But now things have changed. In the 'information age' we can see movies and TV shows whenever we want, not having to rely on fragmentary memories, and we can track down even quite obscure information with a few mouse clicks and a bit of effort.
And this has changed us. I realised this when I was talking to an old friend, for many years a bit of a hermit living in the wilds of the French countryside (although he finds his way into towns and cities, gigs and recording studios pretty regularly).
He has no computer, no Internet and a partially functioning phone. And still operates as if he lives in this older world, sending me little half-remembered or half-understood fragments of pop science, conspiracy theories, mysticism and cod philosophy that signify a deeper, mysterious reality. Now not all of this is flaky, although he has a tendency to make it so.
The problem is, unlike 30 years ago where contact with some of these ideas was rare, they've become common currency, and in moments I can explore them, read vast amounts of source material and encounter balanced, syncretic opinions to use as a basis for my own exploration.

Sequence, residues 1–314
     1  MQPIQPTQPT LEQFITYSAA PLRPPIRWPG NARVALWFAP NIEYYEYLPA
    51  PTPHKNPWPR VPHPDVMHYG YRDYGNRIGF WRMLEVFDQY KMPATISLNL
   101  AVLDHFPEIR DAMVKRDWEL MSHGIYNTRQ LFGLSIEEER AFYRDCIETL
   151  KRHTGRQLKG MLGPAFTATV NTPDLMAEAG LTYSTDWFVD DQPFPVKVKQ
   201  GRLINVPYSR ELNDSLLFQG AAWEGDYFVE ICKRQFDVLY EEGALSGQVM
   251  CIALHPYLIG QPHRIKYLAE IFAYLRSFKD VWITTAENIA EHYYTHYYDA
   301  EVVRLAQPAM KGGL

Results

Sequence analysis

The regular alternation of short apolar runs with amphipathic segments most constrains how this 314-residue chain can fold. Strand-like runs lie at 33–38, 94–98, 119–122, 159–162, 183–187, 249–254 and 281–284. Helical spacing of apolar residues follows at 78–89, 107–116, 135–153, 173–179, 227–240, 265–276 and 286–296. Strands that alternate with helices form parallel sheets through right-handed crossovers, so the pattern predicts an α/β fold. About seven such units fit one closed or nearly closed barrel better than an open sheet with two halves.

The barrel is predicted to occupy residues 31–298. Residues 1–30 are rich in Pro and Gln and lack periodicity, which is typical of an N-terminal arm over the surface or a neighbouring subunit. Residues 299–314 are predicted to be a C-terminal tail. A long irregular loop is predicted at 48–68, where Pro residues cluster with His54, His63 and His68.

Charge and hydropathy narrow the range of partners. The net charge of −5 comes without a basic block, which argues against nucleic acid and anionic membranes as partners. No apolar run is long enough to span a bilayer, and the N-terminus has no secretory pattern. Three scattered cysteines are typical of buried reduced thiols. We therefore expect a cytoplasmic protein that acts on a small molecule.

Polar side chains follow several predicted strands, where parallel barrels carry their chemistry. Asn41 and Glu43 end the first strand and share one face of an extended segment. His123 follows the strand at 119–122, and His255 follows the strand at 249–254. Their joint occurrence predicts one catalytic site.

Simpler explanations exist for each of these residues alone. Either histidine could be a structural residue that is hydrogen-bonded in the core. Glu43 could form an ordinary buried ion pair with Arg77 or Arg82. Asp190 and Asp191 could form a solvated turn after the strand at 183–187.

So what's the point?
Well, it made me think a little about blogging. In the old days, the presentation of a piece of this hidden, poorly known information would have been enough - "look at this, think about, the world is not what we thought." And with little other input, fit it into a broader worldview created from such fragments.
But now the information is freely available, all that's needed is a pointer to it and a little contextualisation (and perhaps some related information or interpretations).
And I guess that's what I do on my blog. Assemble bits of information, and attempt to contextualise and leverage them to point to other information I consider relevant and useful in terms of understanding the world.